Posts tagged with: win first

To Sell Your Business Think Like a Buyer

“Attracting a buyer is like preparing for a beauty contest” – Gary Miller

Dog owners and breeders know that it takes years of discipline, training and preparation for their pure bred champion dog to stand out from the crowd and win the blue ribbon at the Westminster Kennel Club dog show. They know that the dog that ‘shows best’ will win ‘first’. They know the decision is in the judge’s hands.

To show best and win first in selling your business, it’s up to you to make your business both buyer ready and buyer attractive.

To Prepare Your Business, Think Like a Buyer

Before you enter the market place of potential buyers, preparation is essential not optional. Plan on at least 1-2 years of preparation efforts before you begin the 6-9 month transaction process. Yes, years. This preparation means all the difference in the value of your business and the price it will command in the market place.

Preparation is a choice far too few owners take seriously. Preparation makes your business stronger, more attractive and more valuable. Without preparation, you give (gift) all the leverage in a negotiation to the buyer and the buyer’s intermediary.

Preparation Steps

To think like a buyer, there are a few key steps that will make your business more attractive and appealing to potential buyers. They include:

  1. Getting a base-line valuation performed by an independent valuation firm to quantify the current market value of the business.
  2. Documenting all assets and inventory accurately. Dispose of any obsolete materials or expired inventory to get to a true accounting of what you have.
  3. Cleaning up all financial records to show current market value of assets and inventory now to avoid any issue for your buyer. If you wait until you have an interested buyer and they discover that your financial records show a higher value than market value at that late date, it will weaken your negotiating position or worse, put the deal itself at risk.
  4. Investing in an audit of your financials now, done by an independent accounting firm. This will give you time to clean up/correct any errors or concerns identified. It also establishes a pattern of good business management.
  5. Bringing all legal requirements and records up to date. Revisit all vendor and client contracts before you pursue any buyer opportunity.
  6. Implementing and document all systems and processes for operating your business. If you’ve never documented anything, you have no leverage to say what it’s worth. If the entire business is in your head, a buyer will not pay the full potential value of your business if they have to depend on you to achieve it. This step in itself adds value to the bottom line and drastically reduces business continuity risk.
  7. Deciding now who on your management team will be essential to the successful transition of the business to new ownership. Tell them your plans now and what you’ll do for them because they help you through the transaction process. Without them, your business is much less attractive to your buyer. You need them on board to champion the business when your potential buyer arrives to do their due diligence.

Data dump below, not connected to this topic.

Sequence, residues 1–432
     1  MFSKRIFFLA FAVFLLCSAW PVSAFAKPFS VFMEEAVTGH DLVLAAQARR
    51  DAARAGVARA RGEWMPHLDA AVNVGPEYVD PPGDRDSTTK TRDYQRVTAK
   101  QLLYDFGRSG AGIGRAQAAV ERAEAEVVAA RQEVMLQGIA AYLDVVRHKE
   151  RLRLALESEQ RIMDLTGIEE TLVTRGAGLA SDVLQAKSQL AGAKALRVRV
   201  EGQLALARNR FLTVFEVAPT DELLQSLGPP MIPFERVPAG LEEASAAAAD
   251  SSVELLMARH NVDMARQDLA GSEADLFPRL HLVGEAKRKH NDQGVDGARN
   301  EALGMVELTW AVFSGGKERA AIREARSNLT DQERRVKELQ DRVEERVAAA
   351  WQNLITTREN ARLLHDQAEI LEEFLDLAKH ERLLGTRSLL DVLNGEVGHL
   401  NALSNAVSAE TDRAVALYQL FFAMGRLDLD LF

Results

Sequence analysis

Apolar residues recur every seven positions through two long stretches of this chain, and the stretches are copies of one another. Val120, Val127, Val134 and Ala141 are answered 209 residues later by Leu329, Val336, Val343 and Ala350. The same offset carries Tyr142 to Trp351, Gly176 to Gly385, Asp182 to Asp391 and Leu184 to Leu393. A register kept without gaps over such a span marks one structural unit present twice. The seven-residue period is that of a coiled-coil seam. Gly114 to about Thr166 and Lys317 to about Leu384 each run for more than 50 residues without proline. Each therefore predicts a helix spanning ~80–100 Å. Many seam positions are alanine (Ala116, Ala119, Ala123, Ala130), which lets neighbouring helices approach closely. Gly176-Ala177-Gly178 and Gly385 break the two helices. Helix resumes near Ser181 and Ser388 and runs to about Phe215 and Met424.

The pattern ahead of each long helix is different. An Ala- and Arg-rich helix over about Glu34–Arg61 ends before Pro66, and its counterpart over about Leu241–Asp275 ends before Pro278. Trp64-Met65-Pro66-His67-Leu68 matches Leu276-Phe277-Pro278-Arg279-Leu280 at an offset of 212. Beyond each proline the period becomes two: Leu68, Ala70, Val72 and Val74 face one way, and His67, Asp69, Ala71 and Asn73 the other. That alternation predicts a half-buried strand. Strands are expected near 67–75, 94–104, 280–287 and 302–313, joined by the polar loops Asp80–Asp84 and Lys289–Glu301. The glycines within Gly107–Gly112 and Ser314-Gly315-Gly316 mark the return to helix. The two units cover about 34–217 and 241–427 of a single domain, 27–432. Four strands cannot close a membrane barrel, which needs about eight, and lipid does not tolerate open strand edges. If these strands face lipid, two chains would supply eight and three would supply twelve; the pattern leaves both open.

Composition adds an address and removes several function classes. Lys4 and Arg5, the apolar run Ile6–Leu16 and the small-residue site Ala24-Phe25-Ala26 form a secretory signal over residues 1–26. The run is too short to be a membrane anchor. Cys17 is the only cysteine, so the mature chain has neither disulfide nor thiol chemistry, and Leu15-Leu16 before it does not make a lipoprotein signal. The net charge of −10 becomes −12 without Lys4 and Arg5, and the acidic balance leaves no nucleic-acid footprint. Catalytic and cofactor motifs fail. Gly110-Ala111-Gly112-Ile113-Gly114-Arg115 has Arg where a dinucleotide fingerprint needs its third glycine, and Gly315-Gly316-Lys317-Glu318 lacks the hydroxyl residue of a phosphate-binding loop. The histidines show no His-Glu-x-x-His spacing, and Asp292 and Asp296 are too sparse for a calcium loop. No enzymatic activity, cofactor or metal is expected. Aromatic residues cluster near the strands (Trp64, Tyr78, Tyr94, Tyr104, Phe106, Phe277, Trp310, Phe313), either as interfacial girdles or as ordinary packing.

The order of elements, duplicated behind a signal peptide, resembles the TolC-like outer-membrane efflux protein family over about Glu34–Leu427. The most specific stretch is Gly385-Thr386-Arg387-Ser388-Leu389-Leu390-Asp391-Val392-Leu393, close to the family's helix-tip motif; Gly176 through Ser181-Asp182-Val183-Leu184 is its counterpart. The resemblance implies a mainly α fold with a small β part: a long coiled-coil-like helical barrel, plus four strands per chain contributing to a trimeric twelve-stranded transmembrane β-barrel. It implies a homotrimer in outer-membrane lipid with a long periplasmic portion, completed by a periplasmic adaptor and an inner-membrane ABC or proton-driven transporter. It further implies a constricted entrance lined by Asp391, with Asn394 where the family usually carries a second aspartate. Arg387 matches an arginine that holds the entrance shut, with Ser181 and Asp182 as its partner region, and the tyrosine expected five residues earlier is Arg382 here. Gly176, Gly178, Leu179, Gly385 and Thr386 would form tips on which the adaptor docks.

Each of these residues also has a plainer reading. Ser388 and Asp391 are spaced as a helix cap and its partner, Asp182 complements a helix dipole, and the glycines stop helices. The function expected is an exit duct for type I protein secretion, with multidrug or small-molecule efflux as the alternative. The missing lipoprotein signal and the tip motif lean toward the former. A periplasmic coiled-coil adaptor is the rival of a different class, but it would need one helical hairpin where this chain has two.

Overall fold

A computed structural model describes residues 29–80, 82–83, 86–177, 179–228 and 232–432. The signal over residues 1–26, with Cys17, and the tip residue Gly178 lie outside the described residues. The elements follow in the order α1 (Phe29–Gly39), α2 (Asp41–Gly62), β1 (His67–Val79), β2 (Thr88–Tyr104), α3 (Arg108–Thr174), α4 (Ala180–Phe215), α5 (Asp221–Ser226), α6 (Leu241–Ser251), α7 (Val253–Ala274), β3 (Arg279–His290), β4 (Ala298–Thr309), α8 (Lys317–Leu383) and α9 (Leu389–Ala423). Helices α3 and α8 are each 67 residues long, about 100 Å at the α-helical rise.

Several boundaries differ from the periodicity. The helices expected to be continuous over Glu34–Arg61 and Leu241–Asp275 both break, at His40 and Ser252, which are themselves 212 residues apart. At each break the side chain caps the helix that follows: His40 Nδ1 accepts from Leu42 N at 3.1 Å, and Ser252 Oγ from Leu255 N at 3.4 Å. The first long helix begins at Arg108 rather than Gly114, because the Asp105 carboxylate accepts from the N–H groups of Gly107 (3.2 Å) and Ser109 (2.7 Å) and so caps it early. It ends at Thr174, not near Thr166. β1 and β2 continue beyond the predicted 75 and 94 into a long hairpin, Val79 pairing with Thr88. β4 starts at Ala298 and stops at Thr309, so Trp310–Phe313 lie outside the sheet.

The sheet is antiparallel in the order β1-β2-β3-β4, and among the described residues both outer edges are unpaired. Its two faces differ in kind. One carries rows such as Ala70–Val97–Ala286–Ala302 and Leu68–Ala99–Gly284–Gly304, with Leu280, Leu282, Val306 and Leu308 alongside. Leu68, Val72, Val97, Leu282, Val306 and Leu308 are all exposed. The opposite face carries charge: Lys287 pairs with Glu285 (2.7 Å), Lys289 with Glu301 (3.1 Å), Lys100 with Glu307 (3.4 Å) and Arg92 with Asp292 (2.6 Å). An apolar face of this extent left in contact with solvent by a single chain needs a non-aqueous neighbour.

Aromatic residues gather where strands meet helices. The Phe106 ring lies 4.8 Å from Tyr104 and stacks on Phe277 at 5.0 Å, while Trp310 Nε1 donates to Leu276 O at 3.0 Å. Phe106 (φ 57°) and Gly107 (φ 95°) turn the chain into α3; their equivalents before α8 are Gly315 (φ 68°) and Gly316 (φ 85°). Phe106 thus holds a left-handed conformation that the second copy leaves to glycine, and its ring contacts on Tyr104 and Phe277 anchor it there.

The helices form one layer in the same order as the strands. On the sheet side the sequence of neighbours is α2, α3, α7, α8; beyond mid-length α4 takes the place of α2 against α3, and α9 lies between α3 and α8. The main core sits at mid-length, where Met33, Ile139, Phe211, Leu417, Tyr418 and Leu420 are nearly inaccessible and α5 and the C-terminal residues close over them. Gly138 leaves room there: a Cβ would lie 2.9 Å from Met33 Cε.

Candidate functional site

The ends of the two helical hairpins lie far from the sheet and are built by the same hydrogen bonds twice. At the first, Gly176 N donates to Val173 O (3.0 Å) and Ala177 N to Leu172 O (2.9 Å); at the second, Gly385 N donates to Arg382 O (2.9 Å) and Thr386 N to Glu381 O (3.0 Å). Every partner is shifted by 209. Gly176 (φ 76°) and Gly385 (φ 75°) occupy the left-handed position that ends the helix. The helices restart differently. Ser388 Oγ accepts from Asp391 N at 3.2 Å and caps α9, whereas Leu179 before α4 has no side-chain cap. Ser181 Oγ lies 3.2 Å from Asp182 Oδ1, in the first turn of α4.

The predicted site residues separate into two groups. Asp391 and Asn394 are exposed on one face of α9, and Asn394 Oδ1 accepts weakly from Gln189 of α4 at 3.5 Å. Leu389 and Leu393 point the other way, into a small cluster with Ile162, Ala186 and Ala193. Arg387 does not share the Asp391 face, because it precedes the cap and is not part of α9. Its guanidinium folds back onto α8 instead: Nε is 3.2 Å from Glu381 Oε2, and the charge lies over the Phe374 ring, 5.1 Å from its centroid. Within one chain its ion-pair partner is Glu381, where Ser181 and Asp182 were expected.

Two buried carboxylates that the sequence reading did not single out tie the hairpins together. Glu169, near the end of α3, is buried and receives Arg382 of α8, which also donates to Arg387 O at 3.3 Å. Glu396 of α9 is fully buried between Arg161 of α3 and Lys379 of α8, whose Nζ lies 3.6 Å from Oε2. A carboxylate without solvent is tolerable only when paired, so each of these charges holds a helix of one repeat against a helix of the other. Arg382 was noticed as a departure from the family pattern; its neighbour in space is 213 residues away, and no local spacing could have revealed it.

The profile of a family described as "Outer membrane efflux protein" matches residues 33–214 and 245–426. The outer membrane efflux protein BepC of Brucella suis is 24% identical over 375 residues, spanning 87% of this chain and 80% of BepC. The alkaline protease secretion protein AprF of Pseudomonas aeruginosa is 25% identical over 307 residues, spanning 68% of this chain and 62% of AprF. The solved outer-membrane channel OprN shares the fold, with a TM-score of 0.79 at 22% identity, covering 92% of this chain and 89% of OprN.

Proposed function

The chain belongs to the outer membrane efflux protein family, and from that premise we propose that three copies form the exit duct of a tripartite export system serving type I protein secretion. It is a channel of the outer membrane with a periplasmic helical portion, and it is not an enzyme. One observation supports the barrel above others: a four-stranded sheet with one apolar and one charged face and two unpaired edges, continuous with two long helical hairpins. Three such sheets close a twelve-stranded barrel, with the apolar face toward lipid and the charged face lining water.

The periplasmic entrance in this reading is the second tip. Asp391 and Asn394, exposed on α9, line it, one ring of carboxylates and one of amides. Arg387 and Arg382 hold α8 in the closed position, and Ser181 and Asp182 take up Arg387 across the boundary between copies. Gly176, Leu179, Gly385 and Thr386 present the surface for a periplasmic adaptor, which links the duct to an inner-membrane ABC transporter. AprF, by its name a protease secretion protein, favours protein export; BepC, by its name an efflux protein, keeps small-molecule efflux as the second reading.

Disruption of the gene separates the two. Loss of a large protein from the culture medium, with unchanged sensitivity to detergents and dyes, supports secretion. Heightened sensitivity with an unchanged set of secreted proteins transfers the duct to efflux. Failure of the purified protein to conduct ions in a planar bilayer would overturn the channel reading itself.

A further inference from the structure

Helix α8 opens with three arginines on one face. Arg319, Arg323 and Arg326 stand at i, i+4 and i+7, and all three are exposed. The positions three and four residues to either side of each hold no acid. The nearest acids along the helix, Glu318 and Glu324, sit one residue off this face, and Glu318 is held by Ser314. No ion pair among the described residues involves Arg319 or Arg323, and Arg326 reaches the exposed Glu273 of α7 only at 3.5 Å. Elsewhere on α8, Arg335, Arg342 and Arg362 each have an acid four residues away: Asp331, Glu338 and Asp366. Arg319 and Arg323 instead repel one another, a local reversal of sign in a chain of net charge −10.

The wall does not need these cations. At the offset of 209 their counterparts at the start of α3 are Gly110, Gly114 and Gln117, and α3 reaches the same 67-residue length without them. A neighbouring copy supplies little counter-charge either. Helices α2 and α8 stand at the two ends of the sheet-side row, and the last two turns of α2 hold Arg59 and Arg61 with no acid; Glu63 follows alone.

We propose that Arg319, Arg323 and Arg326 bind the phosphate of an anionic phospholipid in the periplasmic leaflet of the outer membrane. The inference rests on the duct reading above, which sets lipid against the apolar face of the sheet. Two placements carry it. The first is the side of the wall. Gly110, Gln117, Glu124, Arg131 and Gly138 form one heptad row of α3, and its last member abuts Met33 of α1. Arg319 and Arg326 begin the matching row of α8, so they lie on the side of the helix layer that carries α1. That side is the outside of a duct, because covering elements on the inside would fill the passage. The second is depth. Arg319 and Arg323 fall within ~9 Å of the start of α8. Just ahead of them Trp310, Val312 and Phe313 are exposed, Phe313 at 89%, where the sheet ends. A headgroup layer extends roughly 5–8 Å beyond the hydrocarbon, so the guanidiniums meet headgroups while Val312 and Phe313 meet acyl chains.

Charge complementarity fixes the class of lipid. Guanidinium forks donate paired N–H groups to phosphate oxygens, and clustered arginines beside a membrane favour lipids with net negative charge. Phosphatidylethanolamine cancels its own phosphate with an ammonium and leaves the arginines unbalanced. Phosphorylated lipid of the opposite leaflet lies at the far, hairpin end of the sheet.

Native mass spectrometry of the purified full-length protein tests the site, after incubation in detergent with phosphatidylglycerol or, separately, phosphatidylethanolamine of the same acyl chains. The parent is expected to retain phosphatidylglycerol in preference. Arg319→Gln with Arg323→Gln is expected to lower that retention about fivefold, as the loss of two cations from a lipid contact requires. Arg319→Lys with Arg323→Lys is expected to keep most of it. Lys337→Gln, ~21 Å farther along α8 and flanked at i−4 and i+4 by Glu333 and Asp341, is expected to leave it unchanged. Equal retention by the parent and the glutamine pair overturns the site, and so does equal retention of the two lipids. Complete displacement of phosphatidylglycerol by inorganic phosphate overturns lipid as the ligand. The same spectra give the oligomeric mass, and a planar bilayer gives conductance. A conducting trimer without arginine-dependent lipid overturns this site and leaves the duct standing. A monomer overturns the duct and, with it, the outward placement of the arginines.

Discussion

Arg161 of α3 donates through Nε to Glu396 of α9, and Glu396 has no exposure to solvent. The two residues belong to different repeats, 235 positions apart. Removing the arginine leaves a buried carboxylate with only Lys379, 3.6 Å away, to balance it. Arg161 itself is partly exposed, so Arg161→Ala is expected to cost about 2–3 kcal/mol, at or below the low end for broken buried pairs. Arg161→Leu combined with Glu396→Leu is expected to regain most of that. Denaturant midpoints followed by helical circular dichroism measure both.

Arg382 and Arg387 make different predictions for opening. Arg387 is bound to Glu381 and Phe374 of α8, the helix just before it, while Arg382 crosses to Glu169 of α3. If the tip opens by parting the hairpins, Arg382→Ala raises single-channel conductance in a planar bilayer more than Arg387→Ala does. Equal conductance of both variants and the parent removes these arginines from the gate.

8. Executing your own internal due diligence now to identify what is ready, what is not ready, where you are strong and where there are holes in what a buyer would expect to find in the due diligence process. With a timeline of years, you give yourself the luxury to methodically clean up, resolve and eliminate any potential red flag. The more complete, transparent and prepared you are, the less likely the buyer’s team are to dig for hidden problems.

Your All-Star Team of Advisors

To prepare you, your business, and your team to take your business to market, you need an all-star team of advisors, not just one or two. The most successful transactions close when you surround yourself with a cooperating, collaborating coordinated team of advisors to ensure your business is buyer ready and buyer attractive to achieve the outcome you want on your terms. In addition to your current business attorney and accountant, your core team must include at least:

  1. An exit strategist to manage the preparation of your business for you and orchestrate your transaction team; so you can stay focused on what you do best – accelerating growth and maximizing the value of your business.
  2. An attorney with significant transaction experience in the type of transaction you want to close. A divorce attorney or real estate attorney or a litigation attorney may not have the experience to give you the leverage to negotiate the best deal.
  3. Your Chief Financial Officer – even if you’ve never had a CFO on your team in the past. Even a part-time CFO will help position your business in the best light for a buyer.
  4. An investment banker with substantial transaction experience in your industry can be invaluable in negotiating the deal and moving the process to closure.
  5. A tax accountant experienced in major transactions who can evaluate and guide you to minimize the tax impact of the deal by preparing years in advance.
  6. A specialist wealth advisor to help establish your wealth preservation plan beyond the business, long before that plan will be funded by a successful sale to your buyer.

You need the entire team, not full-time, but all on board early and engaged to advise you through the preparation stage and right through the transaction to your ideal buyer.

Select the best advisors you can find, not the cheapest. The best, who deliver the most value, will pay for themselves many times over in the returns you receive.

Think like a buyer. When you and your team analyze your business through the eye of your ideal buyer, over time, you will add value and increase the leverage you can command in the deal. That’s how you attract the best buyers, “show best” and “win first”.

 

© 2009- 2016 This Way Out Group LLC top